OutRun 2006: Coast 2 Coast
My last experience of playing OutRun was about five years ago after fishing out the old Sega Master System II for a bit of a nostalgic bash on Alex Kidd in Miracle World. After playing the latter, chuffed at the fact that I could still remember the fixed results of the stone, paper, scissor boss challenges, I loaded OutRun 3D and donned the special glasses that came packaged with the game. Without such an item of optical wonder, Outrun '3D' appeared a little blurry, like how the screen looks when you take a peek over your glasses in an IMAX cinema - and to be brutally honest, the game didn't look much different with them on. To believe that what you were seeing through the two lenses, one green and the other red, was 'proper' 3D required a fair degree of imagination and a lot more squinting. The passing of time is such that modern consoles now allow for 'proper 3D' minus ridiculous props, including, thankfully, the latest in the OutRun series - OutRun 2006: Coast 2 Coast.
The wonderful thing about Coast 2 Coast is that from the off you know where you stand with it. The storyline, if it can be called that is the same as it's always been, consisting only of the friction between boyfriend and girlfriend as they ride together in their sports car. Each girlfriend is keen to tell you that she wants to go 'far, far away' as you race your way through the game's varied stages. And when you crash spectacularly after a few minutes of perfect racing, the first thing she chooses to say to you is 'You're not going to give up now, are you?' Cheers love, I'm risking my life for you here on a wild goose chase to who knows where and you're not at all concerned about my safety or the trouble I'm going to be in with my insurance company.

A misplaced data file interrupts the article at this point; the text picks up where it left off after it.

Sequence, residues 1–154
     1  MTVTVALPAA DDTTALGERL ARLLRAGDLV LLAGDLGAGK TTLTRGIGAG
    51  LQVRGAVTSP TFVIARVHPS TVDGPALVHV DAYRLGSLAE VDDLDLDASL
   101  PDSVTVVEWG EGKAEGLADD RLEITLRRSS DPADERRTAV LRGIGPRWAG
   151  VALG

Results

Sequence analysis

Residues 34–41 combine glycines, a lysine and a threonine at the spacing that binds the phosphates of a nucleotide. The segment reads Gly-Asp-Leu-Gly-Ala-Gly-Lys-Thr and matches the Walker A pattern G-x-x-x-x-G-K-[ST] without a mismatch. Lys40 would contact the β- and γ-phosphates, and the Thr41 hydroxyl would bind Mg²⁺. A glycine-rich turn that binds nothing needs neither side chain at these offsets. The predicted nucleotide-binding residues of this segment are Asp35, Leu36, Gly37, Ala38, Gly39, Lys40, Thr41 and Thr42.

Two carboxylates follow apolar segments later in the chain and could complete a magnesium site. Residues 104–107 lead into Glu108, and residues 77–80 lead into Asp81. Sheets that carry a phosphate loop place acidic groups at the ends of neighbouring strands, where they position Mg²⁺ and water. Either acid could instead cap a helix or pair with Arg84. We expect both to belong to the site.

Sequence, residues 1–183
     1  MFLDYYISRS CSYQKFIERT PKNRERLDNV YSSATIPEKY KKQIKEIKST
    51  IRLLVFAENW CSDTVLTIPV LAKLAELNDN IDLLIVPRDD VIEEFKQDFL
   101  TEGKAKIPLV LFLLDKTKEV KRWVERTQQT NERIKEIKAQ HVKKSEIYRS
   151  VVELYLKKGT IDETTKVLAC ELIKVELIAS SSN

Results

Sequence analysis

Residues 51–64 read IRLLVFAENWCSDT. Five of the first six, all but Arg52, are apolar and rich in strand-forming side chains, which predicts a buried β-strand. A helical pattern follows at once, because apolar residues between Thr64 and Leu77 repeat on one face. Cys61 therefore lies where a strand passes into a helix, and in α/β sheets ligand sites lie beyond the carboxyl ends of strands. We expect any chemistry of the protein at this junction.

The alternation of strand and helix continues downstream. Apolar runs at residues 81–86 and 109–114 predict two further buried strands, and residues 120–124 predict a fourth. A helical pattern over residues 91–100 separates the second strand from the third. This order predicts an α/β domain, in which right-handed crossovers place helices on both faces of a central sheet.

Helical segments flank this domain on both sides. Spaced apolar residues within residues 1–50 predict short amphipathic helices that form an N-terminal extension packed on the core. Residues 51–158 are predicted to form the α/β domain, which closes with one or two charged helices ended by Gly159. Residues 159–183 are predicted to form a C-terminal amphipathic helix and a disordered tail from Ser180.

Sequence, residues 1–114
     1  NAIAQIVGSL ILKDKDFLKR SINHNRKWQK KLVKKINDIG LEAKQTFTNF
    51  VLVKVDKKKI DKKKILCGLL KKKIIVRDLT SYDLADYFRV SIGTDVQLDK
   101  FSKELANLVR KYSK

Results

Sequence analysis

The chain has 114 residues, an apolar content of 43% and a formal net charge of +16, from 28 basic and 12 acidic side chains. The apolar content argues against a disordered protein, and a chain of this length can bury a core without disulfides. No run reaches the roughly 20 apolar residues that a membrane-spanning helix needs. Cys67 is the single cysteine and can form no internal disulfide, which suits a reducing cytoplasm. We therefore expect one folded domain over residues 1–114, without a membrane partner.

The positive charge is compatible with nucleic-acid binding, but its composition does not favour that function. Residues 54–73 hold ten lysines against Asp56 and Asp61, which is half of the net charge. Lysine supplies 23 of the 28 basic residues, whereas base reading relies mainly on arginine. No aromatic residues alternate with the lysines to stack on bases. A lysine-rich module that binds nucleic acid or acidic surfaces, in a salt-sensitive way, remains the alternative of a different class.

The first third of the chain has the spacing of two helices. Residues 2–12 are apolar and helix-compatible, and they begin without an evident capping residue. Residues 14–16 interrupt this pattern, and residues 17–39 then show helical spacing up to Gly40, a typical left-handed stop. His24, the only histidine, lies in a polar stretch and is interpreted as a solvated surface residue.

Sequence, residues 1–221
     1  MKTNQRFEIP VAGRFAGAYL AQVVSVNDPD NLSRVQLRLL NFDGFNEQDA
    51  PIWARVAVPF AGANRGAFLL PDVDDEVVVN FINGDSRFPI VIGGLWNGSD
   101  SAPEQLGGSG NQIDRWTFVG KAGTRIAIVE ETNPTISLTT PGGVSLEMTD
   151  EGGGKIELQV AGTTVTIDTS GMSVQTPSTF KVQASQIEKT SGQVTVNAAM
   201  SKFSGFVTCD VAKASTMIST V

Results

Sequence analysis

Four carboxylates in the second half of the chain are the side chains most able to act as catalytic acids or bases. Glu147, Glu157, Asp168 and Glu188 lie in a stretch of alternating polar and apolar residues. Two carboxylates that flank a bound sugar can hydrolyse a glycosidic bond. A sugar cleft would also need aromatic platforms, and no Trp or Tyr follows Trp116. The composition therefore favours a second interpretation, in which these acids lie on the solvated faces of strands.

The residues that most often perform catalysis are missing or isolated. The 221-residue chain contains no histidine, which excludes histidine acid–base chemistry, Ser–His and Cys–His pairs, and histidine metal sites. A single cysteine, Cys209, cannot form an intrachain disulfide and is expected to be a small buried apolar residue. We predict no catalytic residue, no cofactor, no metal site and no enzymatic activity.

Coast 2 Coast is essentially two separate games on one disc - OutRun 2 and the arcade game, OutRun SP, each with a couple of solid game modes. The most simple of these is a checkpoint-to-checkpoint romp through each of the game's 30 stages. Your main worry is to get as far as you can, making sure the clock doesn't tick down to zero, with the first couple of stages acting to wean you into the game with traffic in your way being pretty thin on the ground and the road layout pretty undemanding. However, as you progress it becomes clear that flooring your way through the changing landscapes at top speed isn't going to be enough to reach every goal. To overcome some of the tighter bends and more demanding terrain, you must learn to master the game's simple drifting technique (a la Burnout). Some careful brake/gas pedal/button tinkering will see you slip-sliding at a grin-inducing angle, dodging traffic and zooming around successive hairpins and S-bends. There are five stages per level, on each of which you have to finish ahead of your 'rival' whilst also earning an impressive enough grade (preferably AAA), in order to unlock the next stage.